In this age of social media, Tiktok videos and endless emails, one of the best marketing methods you can employ is a good old-fashioned letter in the post.
While it takes a lot more effort to create a letterbox drop than it does to post a sold-sign-selfie on Facebook, the payoff is worth the effort. Especially if you can maintain a consistent approach over an extended period of time.
How to build a following in real estate
To succeed in real estate you need two things. You need people to:
- Know who you are.
- Know that you are good at what you do.
If you don't have a large database already, the easiest way to get there is to keep in touch with homeowners in your target area. A direct mail real estate newsletter is a great way to do that (along with phone calls, open homes, and joining local clubs).
How often should you send a direct mail newsletter?
Ideally, homeowners in your farming area should receive something in their letterbox from you every month. 12 times a year. You might even want to step it up to fortnightly during the traditional busy listing periods (early Summer and early Spring in most areas).
A one-off campaign is unlikely to produce the results you want. Owners want to see that you are consistent, reliable and successful before they entrust you with the sale of their largest asset.
Focus on one area. Pick a number of houses you can manage and stick to it. You are better off sending a newsletter to 300 houses every single month than you are sending one to 1,000 houses every 6 months.
The other big mistake agents make is only sending letters around their current listings. That activity of its own is fine (and often worthwhile) but try to focus your efforts on sending info to people that will keep receiving info from you in future.
For example, drop your just listed cards in your target farming area, even if the new listing is outside that area. The goal of your just listed cards is not to sell that new listing, it's to show the owners in your farming area you are busy, successful and good at real estate.
What should my newsletter look like?
It should look as simple as you need it to be to make it easy to generate. Especially when you get busy.
You can build a newsletter using a fancy template on Canva.com. You could spend hours making it look pretty and picking the right photos. Or you could just send a good old-fashioned, well-formatted black and white letter, printed on your company letterhead. Throw in your business card and you are good to go.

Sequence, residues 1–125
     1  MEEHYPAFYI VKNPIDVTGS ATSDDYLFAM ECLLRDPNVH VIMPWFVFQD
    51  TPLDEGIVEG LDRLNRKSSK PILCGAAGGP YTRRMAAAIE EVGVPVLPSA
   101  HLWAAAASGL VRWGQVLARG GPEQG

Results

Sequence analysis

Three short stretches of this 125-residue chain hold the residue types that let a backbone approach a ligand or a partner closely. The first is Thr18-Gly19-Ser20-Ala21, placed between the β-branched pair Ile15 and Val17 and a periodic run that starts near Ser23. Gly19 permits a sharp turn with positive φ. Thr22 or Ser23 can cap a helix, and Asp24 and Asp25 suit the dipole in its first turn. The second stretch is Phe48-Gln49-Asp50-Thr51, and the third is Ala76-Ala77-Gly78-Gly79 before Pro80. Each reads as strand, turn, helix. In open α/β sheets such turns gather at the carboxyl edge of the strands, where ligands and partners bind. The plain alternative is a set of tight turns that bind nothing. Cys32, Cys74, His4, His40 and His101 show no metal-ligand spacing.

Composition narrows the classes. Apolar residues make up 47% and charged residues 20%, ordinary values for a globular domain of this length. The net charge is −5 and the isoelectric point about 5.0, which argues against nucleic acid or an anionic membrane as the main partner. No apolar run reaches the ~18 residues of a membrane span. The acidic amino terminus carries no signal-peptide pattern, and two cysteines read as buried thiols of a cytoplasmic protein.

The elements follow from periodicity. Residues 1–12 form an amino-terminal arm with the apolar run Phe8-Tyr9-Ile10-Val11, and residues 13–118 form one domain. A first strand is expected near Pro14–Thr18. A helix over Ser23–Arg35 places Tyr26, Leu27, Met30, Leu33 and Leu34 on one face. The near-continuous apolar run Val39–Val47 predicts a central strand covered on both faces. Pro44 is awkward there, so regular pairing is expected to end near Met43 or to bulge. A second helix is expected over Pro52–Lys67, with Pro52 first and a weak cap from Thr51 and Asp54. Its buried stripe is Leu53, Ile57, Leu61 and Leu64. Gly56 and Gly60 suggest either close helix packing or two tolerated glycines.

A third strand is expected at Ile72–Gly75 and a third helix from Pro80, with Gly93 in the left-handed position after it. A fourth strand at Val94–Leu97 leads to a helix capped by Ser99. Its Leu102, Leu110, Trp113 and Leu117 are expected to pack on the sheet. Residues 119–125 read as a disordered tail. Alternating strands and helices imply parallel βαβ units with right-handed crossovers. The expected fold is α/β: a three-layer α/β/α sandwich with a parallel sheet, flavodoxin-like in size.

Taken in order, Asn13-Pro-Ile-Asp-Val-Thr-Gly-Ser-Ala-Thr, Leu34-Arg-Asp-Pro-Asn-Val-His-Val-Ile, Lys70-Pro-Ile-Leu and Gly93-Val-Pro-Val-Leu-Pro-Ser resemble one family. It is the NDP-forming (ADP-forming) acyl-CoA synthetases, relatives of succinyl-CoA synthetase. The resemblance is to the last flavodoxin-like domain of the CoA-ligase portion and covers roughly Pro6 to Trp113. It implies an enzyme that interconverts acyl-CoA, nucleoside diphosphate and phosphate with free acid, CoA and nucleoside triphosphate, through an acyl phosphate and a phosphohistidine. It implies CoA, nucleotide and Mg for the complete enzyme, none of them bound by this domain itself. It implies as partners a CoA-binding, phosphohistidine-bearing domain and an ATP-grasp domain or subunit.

There is absolutely nothing wrong with keeping it simple. In fact, it's preferable if that means you actually get something in those letterboxes.
Don't let perfection get in the way of progress.
Should it be personally addressed?
If you have the computer skills to export a list of homeowners from your property info portal to do a mail merge, then by all means go ahead. Personally addressed letters are more likely to be opened, read and kept.
But again, don't let that stop you from making progress. There is nothing wrong with addressing your letter in this way:
Leaving the street number off means you can just print however many you need for that street and drop them off. Simple is good!
The databasing tool I personally used to run mail-merge campaigns during my career was SalesPartner.
What to put in your newsletter / direct mail piece
Refer to last week's advice guide on key elements of an effective real estate newsletter:
Keep it positive, educational and simple. And remember, helpful beats pretty any day of the week :)
Agent Monday articles suited to direct mail campaigns
The following articles are perfect for a direct mail newsletter:
Nearly all of our articles start with a common question your local homeowner may be considering and end with a call to action that prompts them to get in touch with you when they need help.
What else to include in your direct mail campaign
Along with your Agent Monday feature article, you could also attach:
- Your 5 most recent sales (these could be properties your company has sold if you are only just getting started).
- A flyer for one of your current listings.
- A personal profile page with more information about you.
- Testimonials from past clients.
- Profile of a local business you support.
- Community news.
You certainly don't have to include any of those things though. A standard letter with an Agent Monday feature article will work just fine.
For more newsletter content ideas, check out this guide:
Got a question about direct mail campaigns?
Get in touch and let us know. We'll do our best to help.